Simone de Beauvoir's fiction is a largely unexplored field. This book offers new readings of her whole fictional corpus, using psychoanalysis as a critical lens. Vehemently anti-Freudian at the beginning of her career, Beauvoir denied the validity of his theories; however, her fiction hints at a different tale. It is the untold Beauvoirean story this book sets out to tell. Firstly, using her own autobiographical admissions it examines her resolute resistance to psychoanalysis and offers possible reasons for her initial violent disavowal of its concepts. Secondly, it traces her explicit engagement with psychoanalysis as a clinical discipline through a chrological examination of her fiction. Finally, it employs psychoanalytic literary theory as a magnifying lens through which to view her entire fictional output, while also offering new interpretations of her most underread texts.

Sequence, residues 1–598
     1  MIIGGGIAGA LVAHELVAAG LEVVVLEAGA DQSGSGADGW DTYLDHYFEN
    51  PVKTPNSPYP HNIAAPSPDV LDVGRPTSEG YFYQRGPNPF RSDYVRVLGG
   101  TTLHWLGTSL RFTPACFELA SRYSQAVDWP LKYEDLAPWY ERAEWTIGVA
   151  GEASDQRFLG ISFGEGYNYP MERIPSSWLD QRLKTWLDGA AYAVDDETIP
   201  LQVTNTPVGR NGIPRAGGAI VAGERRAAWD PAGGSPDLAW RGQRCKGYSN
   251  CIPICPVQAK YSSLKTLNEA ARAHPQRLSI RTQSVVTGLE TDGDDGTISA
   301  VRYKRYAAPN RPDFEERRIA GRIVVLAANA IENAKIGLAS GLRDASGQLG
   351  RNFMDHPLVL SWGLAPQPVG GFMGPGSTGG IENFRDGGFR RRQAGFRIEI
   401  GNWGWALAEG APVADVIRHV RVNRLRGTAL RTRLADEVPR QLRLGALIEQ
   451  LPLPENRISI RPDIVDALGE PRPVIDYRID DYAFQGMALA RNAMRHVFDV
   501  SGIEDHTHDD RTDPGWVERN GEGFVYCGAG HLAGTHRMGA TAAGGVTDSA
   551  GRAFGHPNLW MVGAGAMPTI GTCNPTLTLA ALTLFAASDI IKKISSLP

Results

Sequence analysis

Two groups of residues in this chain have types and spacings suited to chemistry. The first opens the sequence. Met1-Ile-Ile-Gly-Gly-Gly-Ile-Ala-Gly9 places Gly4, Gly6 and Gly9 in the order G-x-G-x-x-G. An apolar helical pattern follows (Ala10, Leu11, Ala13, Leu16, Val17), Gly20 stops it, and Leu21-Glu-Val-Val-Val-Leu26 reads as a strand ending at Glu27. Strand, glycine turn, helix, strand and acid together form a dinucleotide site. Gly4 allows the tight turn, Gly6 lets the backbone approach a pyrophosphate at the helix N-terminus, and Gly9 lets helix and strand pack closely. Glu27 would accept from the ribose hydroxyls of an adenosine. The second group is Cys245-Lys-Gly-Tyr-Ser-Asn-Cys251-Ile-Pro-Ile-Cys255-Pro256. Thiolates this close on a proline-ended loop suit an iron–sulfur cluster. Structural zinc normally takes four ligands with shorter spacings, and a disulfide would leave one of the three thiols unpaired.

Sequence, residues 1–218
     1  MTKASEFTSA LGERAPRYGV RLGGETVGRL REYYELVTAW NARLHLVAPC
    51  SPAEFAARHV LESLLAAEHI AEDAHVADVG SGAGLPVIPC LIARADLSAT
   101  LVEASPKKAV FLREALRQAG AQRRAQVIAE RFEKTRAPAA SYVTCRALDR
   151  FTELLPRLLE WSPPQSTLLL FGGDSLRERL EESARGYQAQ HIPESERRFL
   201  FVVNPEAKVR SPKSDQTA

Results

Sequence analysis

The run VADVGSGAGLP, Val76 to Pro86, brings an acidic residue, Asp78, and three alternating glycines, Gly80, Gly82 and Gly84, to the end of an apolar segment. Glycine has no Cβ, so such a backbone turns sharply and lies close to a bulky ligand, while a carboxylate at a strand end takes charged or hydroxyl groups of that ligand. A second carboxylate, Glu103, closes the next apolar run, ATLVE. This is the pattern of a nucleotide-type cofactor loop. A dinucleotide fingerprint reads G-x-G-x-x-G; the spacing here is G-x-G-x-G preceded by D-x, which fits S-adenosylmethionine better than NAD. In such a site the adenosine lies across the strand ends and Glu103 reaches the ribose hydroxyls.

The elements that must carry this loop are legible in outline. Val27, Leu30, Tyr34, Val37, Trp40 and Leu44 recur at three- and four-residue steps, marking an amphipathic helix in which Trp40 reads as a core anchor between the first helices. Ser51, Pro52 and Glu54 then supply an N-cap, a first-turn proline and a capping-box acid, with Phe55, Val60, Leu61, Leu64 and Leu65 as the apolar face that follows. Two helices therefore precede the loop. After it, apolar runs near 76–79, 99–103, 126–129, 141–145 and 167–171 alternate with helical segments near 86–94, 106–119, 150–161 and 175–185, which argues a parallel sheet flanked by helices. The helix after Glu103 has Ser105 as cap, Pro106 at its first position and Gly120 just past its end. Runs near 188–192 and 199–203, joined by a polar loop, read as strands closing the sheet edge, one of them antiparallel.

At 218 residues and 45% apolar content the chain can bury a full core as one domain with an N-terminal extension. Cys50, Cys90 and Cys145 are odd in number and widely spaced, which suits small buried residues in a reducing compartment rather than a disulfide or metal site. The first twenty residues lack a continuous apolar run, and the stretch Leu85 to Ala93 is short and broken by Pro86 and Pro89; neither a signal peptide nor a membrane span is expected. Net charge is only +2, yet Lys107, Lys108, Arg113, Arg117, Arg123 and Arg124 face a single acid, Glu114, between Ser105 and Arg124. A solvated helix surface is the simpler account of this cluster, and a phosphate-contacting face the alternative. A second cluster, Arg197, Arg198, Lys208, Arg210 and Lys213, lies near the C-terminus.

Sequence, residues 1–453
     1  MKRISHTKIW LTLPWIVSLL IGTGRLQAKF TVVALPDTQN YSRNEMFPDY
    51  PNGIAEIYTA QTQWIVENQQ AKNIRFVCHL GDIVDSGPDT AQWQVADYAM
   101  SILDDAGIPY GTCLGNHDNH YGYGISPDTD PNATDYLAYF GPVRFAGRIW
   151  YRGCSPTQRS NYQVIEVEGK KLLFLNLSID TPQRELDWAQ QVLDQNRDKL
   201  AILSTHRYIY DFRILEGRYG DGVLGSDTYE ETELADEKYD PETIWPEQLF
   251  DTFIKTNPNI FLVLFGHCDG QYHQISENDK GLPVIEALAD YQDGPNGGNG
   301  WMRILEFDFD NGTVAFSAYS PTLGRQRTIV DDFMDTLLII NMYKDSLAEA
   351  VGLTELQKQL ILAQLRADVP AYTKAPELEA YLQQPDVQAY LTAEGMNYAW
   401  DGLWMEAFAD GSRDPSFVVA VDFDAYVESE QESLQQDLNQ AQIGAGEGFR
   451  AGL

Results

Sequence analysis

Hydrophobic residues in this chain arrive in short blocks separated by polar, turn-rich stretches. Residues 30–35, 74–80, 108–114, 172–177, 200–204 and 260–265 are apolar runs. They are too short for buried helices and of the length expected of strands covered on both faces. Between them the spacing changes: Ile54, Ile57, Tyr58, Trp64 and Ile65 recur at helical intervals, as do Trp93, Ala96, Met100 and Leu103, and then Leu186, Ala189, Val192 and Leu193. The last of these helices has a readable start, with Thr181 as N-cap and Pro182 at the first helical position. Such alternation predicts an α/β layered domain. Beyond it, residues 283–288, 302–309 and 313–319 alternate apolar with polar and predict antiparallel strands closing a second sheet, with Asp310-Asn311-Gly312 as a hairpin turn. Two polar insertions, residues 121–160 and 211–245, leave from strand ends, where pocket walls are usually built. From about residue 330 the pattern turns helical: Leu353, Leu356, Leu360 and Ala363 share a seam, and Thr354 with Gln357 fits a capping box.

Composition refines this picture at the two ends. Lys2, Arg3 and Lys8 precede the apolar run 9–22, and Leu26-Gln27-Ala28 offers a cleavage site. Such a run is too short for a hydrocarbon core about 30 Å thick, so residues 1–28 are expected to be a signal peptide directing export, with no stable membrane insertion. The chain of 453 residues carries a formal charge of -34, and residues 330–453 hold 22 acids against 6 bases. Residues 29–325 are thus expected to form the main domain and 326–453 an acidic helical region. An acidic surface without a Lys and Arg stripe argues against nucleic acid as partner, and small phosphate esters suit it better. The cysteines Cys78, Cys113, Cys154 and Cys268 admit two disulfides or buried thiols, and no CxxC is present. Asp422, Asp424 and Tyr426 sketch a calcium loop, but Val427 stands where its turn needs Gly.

The Author: Genevieve Shepherd gained a first class degree in French and Spanish from Bristol University in 1994. She was awarded the MPhil and DPhil from Oxford University in 1996 and 1998. She also holds the CPE Diploma in Law from City University, and was called to the Bar in November 2000.